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“Shelley Sweet was recommended to me at a time when I was seeking professional assistance to lead the District in the development of a strategic plan. It was a fortunate meeting – with Shelley’s experience and guidance we were able to assemble a broad range of community members to form a design team. The team participated in a series of activities to assess, discuss, and develop the outcomes to create the classroom of the future. Under Shelley’s leadership, the design team was able to propose to the Board of Education, seven completed “initiatives” that would provide the course of action to realize the District’s vision.”

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5 Early Warning Signals for a BPI Project - Part 1

NO Sign 2Can you recognize the early warning signals that derail a business process improvement project? Many articles have been written about what makes process improvement projects fail and usually they list critical success factors.   But the real question is how do you recognize the leading indicators in a process? And once you identify these signals what action should you take to cure the ill and get the process back on track or put a halt to the project altogether?

Let’s look at the stages of the BPM Methodology and identify early warning signals and then suggest some countermeasures that are helpful to get things righted again.

BPM:BPI Methodology-Color-orange-blue

This graphic shows the four stages of the BPM Methodology and the detailed phases of stage 2, the Business Process Improvement Project.

The first early warning signal is in stage 1, Process Selection, or choosing which process to work on.  It’s not that there is one right process to work on first but the choice of a poor project creates many challenges that often lead to a bad name for the whole concept of business process management.  The wrong process choice is usually from three circumstances: 

  1. Starting with an enterprise project with several cross-functional stakeholder groups participating. 
  2. Choosing a project where a single Executive Sponsor cannot be designated and it needs two to three Process Owners
  3. Starting with a project that requires a different culture than the organization currently has.  This would be the case if the culture was authoritarian and it tried to use employee process improvement teams.

The answer to these warning signals is don’t start with a large enterprise process projects without the necessary leaders, and a culture to support it.  Instead start smaller, with a key sub process, with leadership and a culture in that function or business unit that support employees working together and understanding how to look at a process and use data, diagrams, and the voice of the customer to improve it.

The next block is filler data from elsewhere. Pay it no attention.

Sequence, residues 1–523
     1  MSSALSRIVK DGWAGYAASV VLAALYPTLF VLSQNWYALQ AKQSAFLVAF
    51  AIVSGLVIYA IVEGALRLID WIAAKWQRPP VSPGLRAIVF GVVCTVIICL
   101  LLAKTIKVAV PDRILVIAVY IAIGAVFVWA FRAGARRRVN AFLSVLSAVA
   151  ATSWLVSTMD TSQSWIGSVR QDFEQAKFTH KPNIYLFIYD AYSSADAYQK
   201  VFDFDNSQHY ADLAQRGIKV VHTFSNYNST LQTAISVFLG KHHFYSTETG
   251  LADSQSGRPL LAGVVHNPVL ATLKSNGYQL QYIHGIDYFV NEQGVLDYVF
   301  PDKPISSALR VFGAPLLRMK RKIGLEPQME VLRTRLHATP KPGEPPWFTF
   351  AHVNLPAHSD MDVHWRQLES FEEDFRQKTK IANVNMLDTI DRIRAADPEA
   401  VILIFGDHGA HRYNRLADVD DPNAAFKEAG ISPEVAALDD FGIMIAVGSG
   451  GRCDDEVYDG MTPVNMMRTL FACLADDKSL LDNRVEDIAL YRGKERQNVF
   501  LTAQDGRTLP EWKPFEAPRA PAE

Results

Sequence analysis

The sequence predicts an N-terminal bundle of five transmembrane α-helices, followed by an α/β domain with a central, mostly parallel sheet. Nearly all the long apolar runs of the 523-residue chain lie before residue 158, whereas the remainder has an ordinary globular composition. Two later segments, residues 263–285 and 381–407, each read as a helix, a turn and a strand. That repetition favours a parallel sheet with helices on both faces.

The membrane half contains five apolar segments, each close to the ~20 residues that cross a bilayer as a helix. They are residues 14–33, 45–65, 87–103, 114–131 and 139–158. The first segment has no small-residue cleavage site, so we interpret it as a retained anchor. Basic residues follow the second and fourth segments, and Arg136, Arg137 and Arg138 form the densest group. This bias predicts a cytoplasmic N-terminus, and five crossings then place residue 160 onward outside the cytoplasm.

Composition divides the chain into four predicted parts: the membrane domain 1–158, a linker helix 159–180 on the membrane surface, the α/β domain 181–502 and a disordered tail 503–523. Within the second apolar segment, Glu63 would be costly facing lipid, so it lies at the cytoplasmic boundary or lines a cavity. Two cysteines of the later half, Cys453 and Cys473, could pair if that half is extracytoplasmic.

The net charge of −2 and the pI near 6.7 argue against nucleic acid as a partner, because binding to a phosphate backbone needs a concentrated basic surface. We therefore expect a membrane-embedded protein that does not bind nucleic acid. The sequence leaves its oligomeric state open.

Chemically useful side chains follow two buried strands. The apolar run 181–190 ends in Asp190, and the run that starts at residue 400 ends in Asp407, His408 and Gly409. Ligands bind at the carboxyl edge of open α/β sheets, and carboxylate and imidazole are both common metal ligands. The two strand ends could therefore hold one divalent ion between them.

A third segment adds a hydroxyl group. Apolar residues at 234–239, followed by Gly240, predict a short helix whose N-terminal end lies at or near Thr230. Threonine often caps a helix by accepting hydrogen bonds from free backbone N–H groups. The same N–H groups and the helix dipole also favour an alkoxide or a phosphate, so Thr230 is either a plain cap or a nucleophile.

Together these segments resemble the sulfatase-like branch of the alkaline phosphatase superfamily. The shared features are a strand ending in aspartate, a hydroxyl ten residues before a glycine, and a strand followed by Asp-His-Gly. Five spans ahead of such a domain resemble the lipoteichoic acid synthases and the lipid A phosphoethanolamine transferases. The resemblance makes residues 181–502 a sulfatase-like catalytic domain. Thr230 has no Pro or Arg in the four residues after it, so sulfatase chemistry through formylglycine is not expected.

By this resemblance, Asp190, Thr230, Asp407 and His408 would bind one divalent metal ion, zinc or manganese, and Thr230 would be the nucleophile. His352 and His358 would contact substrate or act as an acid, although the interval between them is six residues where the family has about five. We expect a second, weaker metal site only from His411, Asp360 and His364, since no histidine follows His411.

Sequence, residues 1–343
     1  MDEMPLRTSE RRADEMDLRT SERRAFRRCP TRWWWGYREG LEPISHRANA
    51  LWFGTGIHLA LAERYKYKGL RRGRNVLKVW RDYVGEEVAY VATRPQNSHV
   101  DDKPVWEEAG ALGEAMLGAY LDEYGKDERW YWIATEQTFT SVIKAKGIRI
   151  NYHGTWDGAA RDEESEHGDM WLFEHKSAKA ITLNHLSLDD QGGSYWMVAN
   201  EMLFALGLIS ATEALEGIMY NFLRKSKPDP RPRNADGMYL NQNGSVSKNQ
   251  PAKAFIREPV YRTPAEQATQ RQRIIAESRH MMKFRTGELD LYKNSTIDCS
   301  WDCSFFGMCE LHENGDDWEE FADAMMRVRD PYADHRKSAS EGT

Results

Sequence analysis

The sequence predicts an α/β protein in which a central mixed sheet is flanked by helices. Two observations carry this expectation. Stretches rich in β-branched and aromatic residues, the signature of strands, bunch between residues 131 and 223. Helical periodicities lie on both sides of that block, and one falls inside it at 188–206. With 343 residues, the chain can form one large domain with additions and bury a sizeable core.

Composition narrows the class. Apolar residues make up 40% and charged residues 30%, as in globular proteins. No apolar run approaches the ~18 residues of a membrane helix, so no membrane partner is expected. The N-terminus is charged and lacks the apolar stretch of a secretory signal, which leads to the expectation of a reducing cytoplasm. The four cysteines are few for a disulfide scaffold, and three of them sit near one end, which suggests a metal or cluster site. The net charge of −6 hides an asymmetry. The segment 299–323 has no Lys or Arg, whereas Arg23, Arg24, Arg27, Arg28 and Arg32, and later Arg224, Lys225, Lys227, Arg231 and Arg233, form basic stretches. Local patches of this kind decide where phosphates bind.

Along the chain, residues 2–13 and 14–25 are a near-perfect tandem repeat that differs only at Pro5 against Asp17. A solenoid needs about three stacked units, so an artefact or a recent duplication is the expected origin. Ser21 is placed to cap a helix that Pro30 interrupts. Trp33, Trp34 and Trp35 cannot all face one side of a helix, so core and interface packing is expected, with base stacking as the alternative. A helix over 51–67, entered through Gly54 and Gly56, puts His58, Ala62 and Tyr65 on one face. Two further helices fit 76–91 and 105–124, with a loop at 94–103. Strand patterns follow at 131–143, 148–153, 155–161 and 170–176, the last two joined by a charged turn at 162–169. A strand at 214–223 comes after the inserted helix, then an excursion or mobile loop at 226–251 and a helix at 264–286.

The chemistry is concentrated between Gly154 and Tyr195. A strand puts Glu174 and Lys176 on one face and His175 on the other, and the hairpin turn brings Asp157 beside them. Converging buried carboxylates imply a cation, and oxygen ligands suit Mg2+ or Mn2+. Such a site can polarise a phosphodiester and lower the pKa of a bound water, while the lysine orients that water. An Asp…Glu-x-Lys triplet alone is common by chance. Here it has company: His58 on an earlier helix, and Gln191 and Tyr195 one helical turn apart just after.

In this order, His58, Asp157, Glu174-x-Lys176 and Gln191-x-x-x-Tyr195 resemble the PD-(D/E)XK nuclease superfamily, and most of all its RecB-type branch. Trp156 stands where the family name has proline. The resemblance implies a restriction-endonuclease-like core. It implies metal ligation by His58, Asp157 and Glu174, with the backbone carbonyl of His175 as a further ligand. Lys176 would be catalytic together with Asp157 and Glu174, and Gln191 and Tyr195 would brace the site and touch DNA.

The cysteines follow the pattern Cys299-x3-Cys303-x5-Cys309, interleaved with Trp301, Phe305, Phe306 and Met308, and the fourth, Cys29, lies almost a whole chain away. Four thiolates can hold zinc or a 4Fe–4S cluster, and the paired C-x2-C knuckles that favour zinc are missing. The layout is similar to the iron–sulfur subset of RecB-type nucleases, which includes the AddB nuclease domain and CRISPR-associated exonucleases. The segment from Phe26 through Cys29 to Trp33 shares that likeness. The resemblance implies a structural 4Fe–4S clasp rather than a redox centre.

In the Chartering and Staffing phase of the BPI project there are many critical success factors (It is the beginning of the project!  Get it right and you are off to a good start, but get it wrong and you’ll create numerous problem areas).  Let me discuss two factors:

The Project Charter  
Below are four early warning signals that can come up during the charter process.

(See my book, The BPI Blueprint: A Step-By-Step Guide to Make Your Business Process Improvement Projects Simple, Structured, and Successful, for a charter template, completed charter example from a client, and details on how to create one.) 

  1. Having no charter. Maybe this happens because the BPM professional staff or IT knows this process needs working on and just begins.  There is no written charter, and minimal involvement of the business executives in defining the improvement goals. 
  2. No baseline measures.  Without baseline measures, there is no quantitative data to see how critical this problem is, as well as data to see what the current situation is and what kind of goal value should be set for the improvement 
  3. Uncommitted leadership.  There is no Process Owner who is designated and steps up to guide this effort, setting the goals, vision, measures, scope, and selecting and providing the necessary team resources.  Or the Process Owner has limited time for the team and moves onto other initiatives.
  4. Overburdened team members. Several team members says they have too many other projects and will not be able to devote time to this additional BPI project.

 Part 2 of this blog explains what to do about these four Project Charter warning signals, and provides more signals for phase 2, 3 and 4 of the BPI project.

If you want to learn more about how to run a simple, structured, and successful BPI project register for one of my two courses:  Starting and Organizing a BPM Project and Analyzing and Optimizing BPM Processes.

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2 comments to 5 Early Warning Signals for a BPI Project – Part 1

  • I agree with Edward Burns that in many cases, management wants to rush to solve a symptom rather than a root cause. And they want a ‘silver-bullet’ solution.

    Oddly, I often find that when there is a performance problem it is an accountability issue. When I ask who is held accountable for the result the answer turns out to be ‘no one’. And when I press to have accountability established, management resists.

    • shelley

      These are really interesting comments. I agree with both things you say, but had not thought of them that way. Thank you for your comments.

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